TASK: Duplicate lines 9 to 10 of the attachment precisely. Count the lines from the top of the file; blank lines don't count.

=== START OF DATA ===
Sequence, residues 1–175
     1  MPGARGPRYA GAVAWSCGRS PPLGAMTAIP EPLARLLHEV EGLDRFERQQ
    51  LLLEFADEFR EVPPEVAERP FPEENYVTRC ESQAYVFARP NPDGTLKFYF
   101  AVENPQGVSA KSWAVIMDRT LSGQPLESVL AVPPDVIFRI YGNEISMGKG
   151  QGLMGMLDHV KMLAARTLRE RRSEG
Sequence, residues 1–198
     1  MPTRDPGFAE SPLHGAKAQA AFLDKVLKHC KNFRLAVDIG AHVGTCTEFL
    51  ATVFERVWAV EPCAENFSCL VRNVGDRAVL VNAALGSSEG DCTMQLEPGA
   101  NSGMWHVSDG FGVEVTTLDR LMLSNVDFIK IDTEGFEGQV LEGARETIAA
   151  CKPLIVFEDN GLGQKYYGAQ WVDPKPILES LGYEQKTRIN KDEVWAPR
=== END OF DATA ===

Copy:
   101  NSGMWHVSDG FGVEVTTLDR LMLSNVDFIK IDTEGFEGQV LEGARETIAA
   151  CKPLIVFEDN GLGQKYYGAQ WVDPKPILES LGYEQKTRIN KDEVWAPR